The cylinders 74 and the pistons 72 housed in respective cylinders constitute a second operation means for sliding the support member 32. In the inner peripheral wall of respective cylinders 74, there are provided known oil seals 78, as seen in FIG. 1. The top face of each piston 72 is engageable with the under surface of the base frame portion 36 of the support member 32. An oil pressure chamber 80 defined by the piston 72 in the lower portion of each cylinder is communicated by way of an oil pressure port 81 to a pressurized oil supply line (not shown) leading to the oil pressure chamber 64 in the first operation means 20. The pressurized oil is supplied into the oil pressure chamber 80 in the second operation means, simultaneously with supply of the pressurized oil into the oil pressure chamber 64 in the first operating means, whereby the pair of pistons 72 are operated to shift the support member 32 diametrically outward of the brake disc 12.

With a view to preventing the support member 32 from springing out of the fixing member 34 by the stroke of the pistons 72 as well as regulating the stroke of the support member 32, a cover 82 is provided for the fixing member 34. Disposed between the under surface of a ledge portion 82a of the cover 82 and the top surface of the base frame portion 36 of the support member 32 is a leaf spring 84 for returning the support member 32 to its home position, upon release of supply of pressurized oil to the oil pressure chamber 80. Dust seals 86 are provided between the base frame portion 36 of the support member 32 and the fixing member 34, and between the base frame portion 36 and the cover 82.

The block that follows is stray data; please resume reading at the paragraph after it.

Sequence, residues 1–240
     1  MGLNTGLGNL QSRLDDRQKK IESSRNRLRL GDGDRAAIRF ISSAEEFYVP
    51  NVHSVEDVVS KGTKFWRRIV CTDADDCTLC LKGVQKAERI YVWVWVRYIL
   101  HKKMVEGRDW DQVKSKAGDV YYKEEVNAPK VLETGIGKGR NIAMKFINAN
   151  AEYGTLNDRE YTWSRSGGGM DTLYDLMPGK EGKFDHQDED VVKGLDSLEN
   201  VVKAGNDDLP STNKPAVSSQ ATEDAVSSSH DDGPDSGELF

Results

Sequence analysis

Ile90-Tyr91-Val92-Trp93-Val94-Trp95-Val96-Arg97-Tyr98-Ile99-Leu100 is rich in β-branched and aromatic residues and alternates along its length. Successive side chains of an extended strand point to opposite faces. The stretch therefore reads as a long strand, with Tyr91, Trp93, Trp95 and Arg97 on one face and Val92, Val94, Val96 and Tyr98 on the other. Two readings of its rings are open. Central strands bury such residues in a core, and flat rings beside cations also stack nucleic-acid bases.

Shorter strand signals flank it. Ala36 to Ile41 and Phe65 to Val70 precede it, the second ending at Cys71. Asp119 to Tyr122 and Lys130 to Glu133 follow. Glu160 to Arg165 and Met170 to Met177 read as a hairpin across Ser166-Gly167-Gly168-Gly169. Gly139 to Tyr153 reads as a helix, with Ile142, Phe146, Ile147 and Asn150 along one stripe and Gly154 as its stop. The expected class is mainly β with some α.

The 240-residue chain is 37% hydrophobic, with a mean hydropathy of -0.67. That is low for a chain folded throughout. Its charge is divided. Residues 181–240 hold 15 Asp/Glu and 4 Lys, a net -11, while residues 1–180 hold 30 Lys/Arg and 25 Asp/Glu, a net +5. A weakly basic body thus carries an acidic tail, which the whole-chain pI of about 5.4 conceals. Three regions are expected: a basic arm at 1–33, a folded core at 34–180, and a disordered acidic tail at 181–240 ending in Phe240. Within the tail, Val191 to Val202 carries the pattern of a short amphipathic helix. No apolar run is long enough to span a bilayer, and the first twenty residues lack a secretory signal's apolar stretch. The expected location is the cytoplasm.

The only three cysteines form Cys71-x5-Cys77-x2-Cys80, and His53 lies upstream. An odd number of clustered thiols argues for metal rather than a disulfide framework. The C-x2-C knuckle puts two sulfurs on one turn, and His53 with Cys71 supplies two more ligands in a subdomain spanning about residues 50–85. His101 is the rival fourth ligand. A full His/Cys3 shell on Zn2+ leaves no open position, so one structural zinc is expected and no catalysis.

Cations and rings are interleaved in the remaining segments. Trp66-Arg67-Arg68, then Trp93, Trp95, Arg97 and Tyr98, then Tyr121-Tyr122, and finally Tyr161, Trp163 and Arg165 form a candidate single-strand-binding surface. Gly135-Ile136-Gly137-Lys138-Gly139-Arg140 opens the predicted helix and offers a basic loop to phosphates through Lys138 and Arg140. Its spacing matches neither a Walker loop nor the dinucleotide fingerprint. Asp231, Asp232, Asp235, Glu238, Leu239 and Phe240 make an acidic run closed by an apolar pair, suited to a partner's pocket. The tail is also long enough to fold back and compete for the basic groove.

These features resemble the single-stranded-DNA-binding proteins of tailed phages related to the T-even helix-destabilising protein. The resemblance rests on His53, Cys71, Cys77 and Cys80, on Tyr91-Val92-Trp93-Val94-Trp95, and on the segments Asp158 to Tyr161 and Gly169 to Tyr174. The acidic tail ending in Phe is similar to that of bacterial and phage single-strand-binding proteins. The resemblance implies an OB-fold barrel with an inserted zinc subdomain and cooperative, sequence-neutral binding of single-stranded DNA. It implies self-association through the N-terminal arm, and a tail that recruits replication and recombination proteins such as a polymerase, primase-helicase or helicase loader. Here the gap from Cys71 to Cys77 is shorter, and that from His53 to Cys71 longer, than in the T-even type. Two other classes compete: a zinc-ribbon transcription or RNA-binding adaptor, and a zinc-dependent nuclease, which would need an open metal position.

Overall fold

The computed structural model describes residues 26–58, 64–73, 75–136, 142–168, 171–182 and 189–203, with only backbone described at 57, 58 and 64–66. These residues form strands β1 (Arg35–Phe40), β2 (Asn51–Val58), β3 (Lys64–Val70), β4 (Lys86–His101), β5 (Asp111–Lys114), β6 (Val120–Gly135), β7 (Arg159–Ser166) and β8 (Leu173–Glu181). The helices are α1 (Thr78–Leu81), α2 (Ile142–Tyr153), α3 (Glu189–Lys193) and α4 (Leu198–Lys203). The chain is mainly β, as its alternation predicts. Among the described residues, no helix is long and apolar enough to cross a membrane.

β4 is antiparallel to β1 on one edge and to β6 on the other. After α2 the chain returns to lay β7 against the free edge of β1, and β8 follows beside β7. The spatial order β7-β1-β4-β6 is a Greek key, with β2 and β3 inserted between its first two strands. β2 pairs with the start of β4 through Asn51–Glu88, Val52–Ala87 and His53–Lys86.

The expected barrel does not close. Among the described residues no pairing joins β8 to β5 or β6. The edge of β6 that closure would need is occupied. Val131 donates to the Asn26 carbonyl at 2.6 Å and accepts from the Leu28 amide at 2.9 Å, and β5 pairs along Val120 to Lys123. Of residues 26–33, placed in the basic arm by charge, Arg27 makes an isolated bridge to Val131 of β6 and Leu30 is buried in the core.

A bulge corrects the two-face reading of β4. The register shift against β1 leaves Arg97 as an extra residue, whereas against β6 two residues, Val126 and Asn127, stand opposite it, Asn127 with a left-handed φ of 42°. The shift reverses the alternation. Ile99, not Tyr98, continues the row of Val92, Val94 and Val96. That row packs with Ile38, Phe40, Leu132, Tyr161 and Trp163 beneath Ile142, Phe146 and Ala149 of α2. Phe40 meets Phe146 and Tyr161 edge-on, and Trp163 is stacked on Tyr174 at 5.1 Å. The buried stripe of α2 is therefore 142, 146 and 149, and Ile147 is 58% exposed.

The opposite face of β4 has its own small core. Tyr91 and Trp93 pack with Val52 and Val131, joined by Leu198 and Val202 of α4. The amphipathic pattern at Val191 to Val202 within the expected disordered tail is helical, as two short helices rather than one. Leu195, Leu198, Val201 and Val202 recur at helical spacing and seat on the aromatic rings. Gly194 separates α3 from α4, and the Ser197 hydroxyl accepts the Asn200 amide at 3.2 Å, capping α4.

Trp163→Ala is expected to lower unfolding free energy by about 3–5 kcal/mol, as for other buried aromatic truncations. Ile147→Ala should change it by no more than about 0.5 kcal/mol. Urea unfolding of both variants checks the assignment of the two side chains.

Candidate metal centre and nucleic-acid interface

Operation of the disc brake 10 will be referred to in conjunction with FIG. 1. When the oil pressure is transmitted by way of the pressurized oil supply line to the oil pressure chambers 64 and 80 in the first and second operating means 20 and 22 by treading on a known brake pedal, the pistons 54 and 72 in respective operating means will be moved to the projecting position.

Referring first to the operation of the first operation means 20, the piston 54 urges the inner pad assembly 18a toward one pressure bearing surace 12a of the brake disc 12 along the first path parallel to the axis of rotation of the brake disc. By the reaction of the piston 54, the press portions 58 of the caliper 48 urge the outer pad assembly 18b toward the other pressure bearing surface 12b of the brake disc 12 along the first path.